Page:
Friday, December 30, 2011

New Year's Resolutions

As the New Year begins and resolutions are made, there is usually one about getting(or staying) healthy for the upcoming year. As physical therapists, people are always asking Amber and me what we do to stay healthy and fit. Do we spend all day in the gym working out(me definitely not, Amber maybe)? What does a healthy day look like? Remembering that I like to look at the broader scope, we will take it a step further and ask: what does a healthy week look like?

While the specifics vary from person to person, there are some aspects of health that should be considered on a daily basis:

• Prevention:

         o Probably the most important aspect of living a healthy life(and one often overlooked by many endurance athletes) is to thwart preventable diseases or injuries. Getting recommended screening, immunizations, wearing seat belts, recognizing injuries early before they require treatment, etc all play a huge role in staying healthy.

• Eat 3 well-balanced meals:

            o According to the Harvard school of Public Health half your plate should be colorful vegetables. A quarter of your plate: whole grains. A healthy source of protein, such as fish, poultry, beans, or nuts, can make up the rest. To quench your thirst drink a cup of water or a similar drink with little to no sugar added.

Aerobic Exercise: 15-20 minutes of vigorous or 25-30 minutes moderate aerobic exercise

            o The American Heart Association recommends a minimum of 150-180 minutes of moderate aerobic exercise a week and 75 minutes of vigorous aerobic exercise to combat cardiovascular diseases and improve quality of life. We certainly get that a week but the key, as I've mentioned before, is moderation and balancing it with everything else in your life.

          o Remember: If starting a new program, always contact your doctor first for approval and find an aerobic exercise you like since you’ll be more apt to continue doing it.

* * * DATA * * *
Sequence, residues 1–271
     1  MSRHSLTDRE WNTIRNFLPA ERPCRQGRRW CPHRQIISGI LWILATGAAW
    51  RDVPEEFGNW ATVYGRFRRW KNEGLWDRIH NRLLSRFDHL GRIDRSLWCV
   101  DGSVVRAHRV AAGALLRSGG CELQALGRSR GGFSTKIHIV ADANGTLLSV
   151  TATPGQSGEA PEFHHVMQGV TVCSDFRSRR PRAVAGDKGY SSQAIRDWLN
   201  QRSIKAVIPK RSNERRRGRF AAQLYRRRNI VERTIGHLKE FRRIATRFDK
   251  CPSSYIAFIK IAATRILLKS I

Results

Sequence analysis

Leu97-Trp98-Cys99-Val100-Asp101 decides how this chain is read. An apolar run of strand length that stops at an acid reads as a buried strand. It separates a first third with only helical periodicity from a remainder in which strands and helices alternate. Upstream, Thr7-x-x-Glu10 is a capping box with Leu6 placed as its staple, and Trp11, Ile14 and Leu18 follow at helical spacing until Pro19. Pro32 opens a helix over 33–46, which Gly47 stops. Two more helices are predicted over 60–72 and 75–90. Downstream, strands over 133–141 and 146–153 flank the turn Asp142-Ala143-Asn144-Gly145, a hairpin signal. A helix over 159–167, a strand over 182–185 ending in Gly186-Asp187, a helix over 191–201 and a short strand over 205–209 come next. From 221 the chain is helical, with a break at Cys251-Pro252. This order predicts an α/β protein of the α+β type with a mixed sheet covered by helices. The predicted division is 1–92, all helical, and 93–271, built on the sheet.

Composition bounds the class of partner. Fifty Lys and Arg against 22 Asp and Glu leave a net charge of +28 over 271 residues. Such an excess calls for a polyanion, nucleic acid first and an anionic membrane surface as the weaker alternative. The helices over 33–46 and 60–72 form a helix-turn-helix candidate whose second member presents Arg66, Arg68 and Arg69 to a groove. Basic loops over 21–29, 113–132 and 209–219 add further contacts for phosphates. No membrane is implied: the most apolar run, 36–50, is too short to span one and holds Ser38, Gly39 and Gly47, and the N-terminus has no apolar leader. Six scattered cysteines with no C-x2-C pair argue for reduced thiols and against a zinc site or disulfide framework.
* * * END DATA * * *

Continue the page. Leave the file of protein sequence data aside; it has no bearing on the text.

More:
• Brush and floss your teeth.

            o The American Dental Association recommends twice daily brushings and once daily flossing to prevent decay and periodontal (gum) disease.

• Sleep 7-9 hours.

          o Sufficient sleep has been recognized to help with chronic disease prevention and health promotion.

           o The Center for Disease Control recommends going to bed at the same time each night, and rising at the same time each morning. Additionally it recommends sleeping in a quiet, dark, and relaxing environment, which is neither too hot nor too cold.

Other activities don’t need to be performed daily but should be done a few times a week and include:

Strengthen your core and joint stabilizers 3-4 days per week.

• Challenge your balance

            o Whether it is tai chi, yoga, Pilate's or something else, improving your balance has been shown to help decrease falls and strengthen muscles.

Challenge your mind

          o Just as your muscles need exercise, so does your brain. The Franklin Institute states that with most age-related losses in memory or motor skills it is a result of inactivity and/or a lack of mental exercise and stimulation. As we say in therapy all the time: Either use it or lose it.

While this list of recommendations may not be comprehensive, it is a good starting spot for most individuals to start the New Year on the right foot. If you would like more information or are interested in receiving one-on-one guidance, please contact your health care provider.

Happy New Year!

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